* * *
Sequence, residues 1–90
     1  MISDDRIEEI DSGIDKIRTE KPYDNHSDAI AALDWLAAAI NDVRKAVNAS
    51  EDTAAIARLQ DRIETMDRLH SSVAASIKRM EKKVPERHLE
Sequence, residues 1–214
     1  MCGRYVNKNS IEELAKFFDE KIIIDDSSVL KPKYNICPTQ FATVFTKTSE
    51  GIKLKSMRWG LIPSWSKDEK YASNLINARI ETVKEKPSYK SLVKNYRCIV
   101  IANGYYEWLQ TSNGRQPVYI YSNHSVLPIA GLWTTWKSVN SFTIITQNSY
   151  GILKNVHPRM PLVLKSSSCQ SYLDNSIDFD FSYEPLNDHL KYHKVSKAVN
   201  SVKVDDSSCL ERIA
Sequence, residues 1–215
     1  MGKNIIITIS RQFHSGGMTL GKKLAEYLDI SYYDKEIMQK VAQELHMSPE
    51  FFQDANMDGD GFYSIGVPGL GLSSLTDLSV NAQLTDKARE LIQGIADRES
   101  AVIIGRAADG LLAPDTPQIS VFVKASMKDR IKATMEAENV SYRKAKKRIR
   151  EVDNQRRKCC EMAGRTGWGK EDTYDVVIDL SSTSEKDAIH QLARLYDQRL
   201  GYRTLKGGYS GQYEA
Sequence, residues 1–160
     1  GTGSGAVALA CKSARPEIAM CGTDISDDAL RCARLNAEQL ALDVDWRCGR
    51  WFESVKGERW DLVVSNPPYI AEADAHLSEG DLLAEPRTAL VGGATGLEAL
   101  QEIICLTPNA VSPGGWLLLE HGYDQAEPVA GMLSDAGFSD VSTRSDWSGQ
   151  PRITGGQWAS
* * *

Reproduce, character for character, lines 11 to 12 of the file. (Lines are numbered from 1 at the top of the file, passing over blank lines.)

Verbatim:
     1  MGKNIIITIS RQFHSGGMTL GKKLAEYLDI SYYDKEIMQK VAQELHMSPE
    51  FFQDANMDGD GFYSIGVPGL GLSSLTDLSV NAQLTDKARE LIQGIADRES